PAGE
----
Keith Gnagey

Teton Valley Health CEO Keith Gnagey gives the Driggs City Council an update on Covid and crisis standard of care on Sept. 21.

New guidance from the Centers for Disease Control has prompted Teton Valley healthcare providers to begin offering Covid booster shots to certain populations and adults in high risk occupations.

In a statement on Sept. 24, the CDC director endorsed third, or booster, vaccine doses of Pfizer for the elderly, people in long-term care facilities, people with underlying medical conditions, and adults at high risk of exposure in their workplace. (For a complete breakdown of eligible groups, visit cdc.gov.)

Teton County, working with its healthcare partners, issued a press release on Friday outlining the locations where vaccines are available and where eligible members of the community can receive a third dose.

Teton Valley Health will continue to offer both Pfizer and Moderna vaccines at the Driggs Clinic (located at 283 North First Street) on a walk-in basis Tuesday through Friday between 9:00am — 3:30 p.m. To ensure that they can meet demand for the Pfizer booster shot, TVH will begin administering booster shots only to those aged 75 and older.

Eastern Idaho Public Health will continue offering Covid vaccinations at the Driggs office (located at 820 Valley Centre Drive) on Tuesdays (but with limited capacity on Wednesday, September 29). Hours for appointments will vary. Boosters will be available to everyone in the groups approved by the CDC. Appointments can be made by calling (208) 533-3223 (generally, Monday through Friday between 8:00 a.m. — 5:00 p.m.).

Corner Drug (located at 10 Main Street) will continue to offer vaccines, and now the Pfizer booster, Monday through Saturday between 9:00 a.m. — 6:30 p.m. for all categories approved by CDC.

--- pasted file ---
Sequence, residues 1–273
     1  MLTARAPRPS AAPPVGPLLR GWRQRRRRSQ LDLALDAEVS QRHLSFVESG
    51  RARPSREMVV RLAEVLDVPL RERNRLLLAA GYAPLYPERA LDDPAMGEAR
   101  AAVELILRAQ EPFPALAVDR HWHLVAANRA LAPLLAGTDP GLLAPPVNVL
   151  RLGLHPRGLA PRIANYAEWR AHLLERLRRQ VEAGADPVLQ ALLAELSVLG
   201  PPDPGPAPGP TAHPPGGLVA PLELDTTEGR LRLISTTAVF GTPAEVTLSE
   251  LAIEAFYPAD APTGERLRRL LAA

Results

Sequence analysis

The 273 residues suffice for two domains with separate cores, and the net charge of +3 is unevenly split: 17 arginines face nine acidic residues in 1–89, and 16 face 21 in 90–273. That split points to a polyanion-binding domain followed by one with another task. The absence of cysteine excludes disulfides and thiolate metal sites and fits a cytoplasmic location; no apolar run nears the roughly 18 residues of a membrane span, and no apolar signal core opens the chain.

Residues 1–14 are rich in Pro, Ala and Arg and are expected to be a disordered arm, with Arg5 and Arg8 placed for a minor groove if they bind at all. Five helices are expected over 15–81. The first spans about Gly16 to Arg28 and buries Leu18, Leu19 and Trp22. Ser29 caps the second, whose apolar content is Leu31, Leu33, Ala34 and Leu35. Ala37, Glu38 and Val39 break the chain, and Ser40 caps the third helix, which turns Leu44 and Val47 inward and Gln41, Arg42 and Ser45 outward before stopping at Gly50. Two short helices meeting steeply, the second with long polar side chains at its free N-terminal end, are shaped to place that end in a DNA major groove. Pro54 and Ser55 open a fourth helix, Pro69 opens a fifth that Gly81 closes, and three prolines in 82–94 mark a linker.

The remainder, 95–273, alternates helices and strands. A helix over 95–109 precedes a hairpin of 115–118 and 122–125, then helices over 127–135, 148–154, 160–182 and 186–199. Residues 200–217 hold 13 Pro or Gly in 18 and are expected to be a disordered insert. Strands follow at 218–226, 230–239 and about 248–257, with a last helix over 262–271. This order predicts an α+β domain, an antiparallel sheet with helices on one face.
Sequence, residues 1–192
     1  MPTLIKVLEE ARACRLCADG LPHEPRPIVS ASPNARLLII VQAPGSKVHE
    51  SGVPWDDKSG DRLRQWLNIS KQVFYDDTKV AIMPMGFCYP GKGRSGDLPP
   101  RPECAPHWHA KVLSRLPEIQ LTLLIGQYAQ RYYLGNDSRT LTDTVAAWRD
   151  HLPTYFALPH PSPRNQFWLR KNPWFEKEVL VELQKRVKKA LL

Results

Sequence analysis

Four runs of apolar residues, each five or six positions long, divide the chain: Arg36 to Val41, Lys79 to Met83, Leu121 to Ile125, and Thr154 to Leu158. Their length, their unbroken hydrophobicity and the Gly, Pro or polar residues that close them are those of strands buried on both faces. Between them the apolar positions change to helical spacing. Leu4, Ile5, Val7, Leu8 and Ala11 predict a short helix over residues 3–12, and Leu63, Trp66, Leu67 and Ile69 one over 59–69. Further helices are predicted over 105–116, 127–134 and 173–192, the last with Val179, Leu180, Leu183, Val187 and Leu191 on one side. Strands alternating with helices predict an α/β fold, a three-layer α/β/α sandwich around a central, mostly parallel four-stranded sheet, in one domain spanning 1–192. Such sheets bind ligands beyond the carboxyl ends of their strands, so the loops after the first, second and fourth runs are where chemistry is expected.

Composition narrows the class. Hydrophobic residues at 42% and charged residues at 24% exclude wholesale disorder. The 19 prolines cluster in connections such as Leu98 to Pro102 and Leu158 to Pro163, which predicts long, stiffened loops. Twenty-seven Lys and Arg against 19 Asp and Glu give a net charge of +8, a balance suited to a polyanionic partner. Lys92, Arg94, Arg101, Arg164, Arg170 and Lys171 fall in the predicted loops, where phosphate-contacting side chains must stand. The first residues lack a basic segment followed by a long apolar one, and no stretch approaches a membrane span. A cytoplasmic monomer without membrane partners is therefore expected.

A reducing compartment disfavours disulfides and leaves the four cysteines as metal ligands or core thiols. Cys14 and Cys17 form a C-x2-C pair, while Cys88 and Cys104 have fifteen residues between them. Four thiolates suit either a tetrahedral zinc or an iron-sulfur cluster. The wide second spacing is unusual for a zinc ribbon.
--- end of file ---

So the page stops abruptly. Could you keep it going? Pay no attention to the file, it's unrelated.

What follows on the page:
Broulim’s Pharmacy (located at 240 S Main Street) will continue to offer vaccines, and now the Pfizer booster, Tuesday, Thursday, and Friday between 10:00 a.m. — 12:00 p.m. and between 3:00 p.m. — 4:30 p.m. for all categories approved by the CDC.

“All agencies appreciate everyone’s cooperation as we work together to get through the current surge in cases,” the press release reads.

As of Friday evening, there were 50 active Covid cases in Teton County, according to the EIPH dashboard. The Post Register reported on Monday that deaths due to Covid in eastern Idaho rose last week to a level higher than anything seen since January, with 12 new deaths tracked by EIPH in the week that ended on Sept. 25.

Teton Valley Health CEO Keith Gnagey presented to the Driggs City Council last Tuesday and then to Victor on Wednesday. Because the state had activated crisis standards of care for all hospitals on Sept. 16, Gnagey explained what crisis care meant, but noted that Teton Valley Hospital is not at crisis standard yet, and is still able to do some elective surgeries, for example. Rather, the hospital is operating at contingency care, meaning it is short of space, or staffing, or supplies, but has not had to ration care.

The hospital is seeing more inpatients than usual, as well as a large inflow at clinics, which Gnagey said is a common sight a few weeks after school starts each fall.

He noted that with the medical staff stretched thin, the senior administrative team has learned how to do non-medical duties such as “re-provisioning bathrooms.” The large number of patients in ICUs in the region has caused delays in transport for TVH; for one local patient, that meant being moved to Twin Falls for care, and another had to wait two days before transport.

Around 60 percent of patients served at TVH this month have been Covid-positive, Gnagey said. He added that over 90 percent of people who have been hospitalized due to Covid are not fully vaccinated.

“We owe it to ourselves and our community to get the vaccine,” Gnagey said. “Plain and simple, the vaccine remains our best way to fight the pandemic.”